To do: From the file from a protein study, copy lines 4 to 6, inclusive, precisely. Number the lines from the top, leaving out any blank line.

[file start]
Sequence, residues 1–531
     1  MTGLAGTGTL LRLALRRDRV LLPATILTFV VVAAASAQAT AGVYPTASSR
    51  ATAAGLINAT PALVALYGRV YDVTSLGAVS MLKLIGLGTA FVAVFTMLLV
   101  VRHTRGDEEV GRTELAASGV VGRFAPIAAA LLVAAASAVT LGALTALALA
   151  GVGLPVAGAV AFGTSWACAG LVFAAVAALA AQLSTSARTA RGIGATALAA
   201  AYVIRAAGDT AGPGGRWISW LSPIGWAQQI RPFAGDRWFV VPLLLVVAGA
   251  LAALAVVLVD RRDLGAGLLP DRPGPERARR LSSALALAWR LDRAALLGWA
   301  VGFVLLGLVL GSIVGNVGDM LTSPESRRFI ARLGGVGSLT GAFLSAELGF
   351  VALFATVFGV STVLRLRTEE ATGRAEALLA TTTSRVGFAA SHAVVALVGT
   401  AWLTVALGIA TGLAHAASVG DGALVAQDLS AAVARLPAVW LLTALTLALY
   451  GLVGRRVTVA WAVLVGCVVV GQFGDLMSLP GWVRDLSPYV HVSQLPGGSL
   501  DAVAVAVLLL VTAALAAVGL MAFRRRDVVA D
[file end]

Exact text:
   101  VRHTRGDEEV GRTELAASGV VGRFAPIAAA LLVAAASAVT LGALTALALA
   151  GVGLPVAGAV AFGTSWACAG LVFAAVAALA AQLSTSARTA RGIGATALAA
   201  AYVIRAAGDT AGPGGRWISW LSPIGWAQQI RPFAGDRWFV VPLLLVVAGA